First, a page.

Re: High Councils and law suits:

    I don\’t have the book in front of me right now, but Elder Oaks has a full essay about the Church\’s historical developments regarding civil lawsuits in his book entitled \”The Lord\’s Way.\” The book is about 10 or 15 years old but is still available in Deseret Book. It\’s been awhile since I read it, but my memory is that he too indicates that the High Councils stopped acting as civil courts around the turn of the century.

  19. greenfrog
    September 5, 2006 at 6:16 pm

    Interesting, lawguy.

    I’d never, ever, heard of Church leaders intervening in civil litigation, but perhaps my views were skewed by my non-Utahnic upbringing.

  20. September 5, 2006 at 7:08 pm

    Nate: (#14) The bit about the railways and what one could call something akin to current globalization but on a national scale is quite interesting. I think you are partially right there although I think at best that was but one trend. I could have sworn Momonism in Transition mentions all this but its been years since I last read it and am too lazy to look it up.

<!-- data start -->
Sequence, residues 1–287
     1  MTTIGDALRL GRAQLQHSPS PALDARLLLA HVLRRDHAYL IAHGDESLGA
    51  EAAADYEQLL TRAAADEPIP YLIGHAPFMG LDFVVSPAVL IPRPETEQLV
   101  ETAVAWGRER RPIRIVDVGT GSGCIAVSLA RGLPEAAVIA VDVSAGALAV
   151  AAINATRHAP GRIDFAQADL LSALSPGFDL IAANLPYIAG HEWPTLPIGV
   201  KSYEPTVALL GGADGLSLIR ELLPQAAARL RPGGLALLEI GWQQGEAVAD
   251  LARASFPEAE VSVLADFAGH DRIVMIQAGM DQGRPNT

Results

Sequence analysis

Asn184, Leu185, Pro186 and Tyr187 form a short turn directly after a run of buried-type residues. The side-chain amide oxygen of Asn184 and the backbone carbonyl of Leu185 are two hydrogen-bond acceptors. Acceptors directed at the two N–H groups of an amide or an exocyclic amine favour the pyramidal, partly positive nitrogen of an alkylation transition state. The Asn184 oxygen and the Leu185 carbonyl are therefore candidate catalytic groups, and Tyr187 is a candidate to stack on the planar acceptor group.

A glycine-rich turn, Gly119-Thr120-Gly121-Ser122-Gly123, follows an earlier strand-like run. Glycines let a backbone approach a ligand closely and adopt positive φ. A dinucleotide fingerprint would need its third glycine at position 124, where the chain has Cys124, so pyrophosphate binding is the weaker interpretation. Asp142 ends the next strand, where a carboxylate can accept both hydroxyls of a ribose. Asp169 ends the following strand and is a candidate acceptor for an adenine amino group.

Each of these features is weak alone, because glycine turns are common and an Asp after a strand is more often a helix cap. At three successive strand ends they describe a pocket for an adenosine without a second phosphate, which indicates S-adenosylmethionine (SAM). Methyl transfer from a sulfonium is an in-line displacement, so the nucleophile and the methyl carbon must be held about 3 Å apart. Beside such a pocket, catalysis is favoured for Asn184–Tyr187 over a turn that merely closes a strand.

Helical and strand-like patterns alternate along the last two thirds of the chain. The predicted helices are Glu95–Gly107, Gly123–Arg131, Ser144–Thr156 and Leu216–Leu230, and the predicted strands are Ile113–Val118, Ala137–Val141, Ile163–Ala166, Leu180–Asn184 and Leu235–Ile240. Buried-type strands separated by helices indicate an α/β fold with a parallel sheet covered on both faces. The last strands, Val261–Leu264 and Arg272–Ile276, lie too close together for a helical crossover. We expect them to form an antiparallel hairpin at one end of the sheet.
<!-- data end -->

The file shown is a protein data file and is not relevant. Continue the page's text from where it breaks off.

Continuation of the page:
21. Mark Butler
    September 5, 2006 at 7:29 pm

    J. Stapely (#15),

    I do not have access to Words of Joseph Smith, unfortunately, but I trust it by reputation greater than Collier’s amalgamation. Collier seems to have lots of very insightful things to say, but on the other hand it seems to me he has a Mormon ‘fundamentalist’ undertone that is a little disturbing. However, I really haven’t read enough of his work to give a proper review.

    Personally, I think the doctrine of divine kingship took a turn for the worse (or continued on a improperly established path) following the death of Joseph Smith. I am not an expert on the Mormon apocrypha, but to me it seems that divine kingship is no more and no less than being a heavenly father or a heavenly mother in a society of heavenly fathers and mothers – and not ruling independently in any case, but in cooperation with those who are your own fathers and mothers, and those whom you are a father or a mother to. i.e. more like Abraham and Sarah (who paid tithes to Melchizedek) and less like what we normally think of Adam and Eve. The search for the “top” (except in equality and shared participation with all the others up there) is corrupting in my opinion.

  22. Ardis
    September 11, 2006 at 5:15 pm

    I know this comment is waaaay late, but I thought of this thread yesterday when we sang “The Spirit of God Like a Fire Is Burning.” To the early saints who sang those verses, one of the primary signs of the restoration and a new dispensation was “restoring their judges and all as at first.”